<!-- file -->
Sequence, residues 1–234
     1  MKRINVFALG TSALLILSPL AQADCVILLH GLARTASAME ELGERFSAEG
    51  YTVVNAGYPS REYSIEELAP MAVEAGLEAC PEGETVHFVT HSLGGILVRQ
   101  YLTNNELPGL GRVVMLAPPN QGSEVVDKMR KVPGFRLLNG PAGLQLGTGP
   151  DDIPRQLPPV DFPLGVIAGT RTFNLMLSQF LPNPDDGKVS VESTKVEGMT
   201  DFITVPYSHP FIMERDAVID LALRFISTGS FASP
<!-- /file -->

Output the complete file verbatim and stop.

Sequence, residues 1–234
     1  MKRINVFALG TSALLILSPL AQADCVILLH GLARTASAME ELGERFSAEG
    51  YTVVNAGYPS REYSIEELAP MAVEAGLEAC PEGETVHFVT HSLGGILVRQ
   101  YLTNNELPGL GRVVMLAPPN QGSEVVDKMR KVPGFRLLNG PAGLQLGTGP
   151  DDIPRQLPPV DFPLGVIAGT RTFNLMLSQF LPNPDDGKVS VESTKVEGMT
   201  DFITVPYSHP FIMERDAVID LALRFISTGS FASP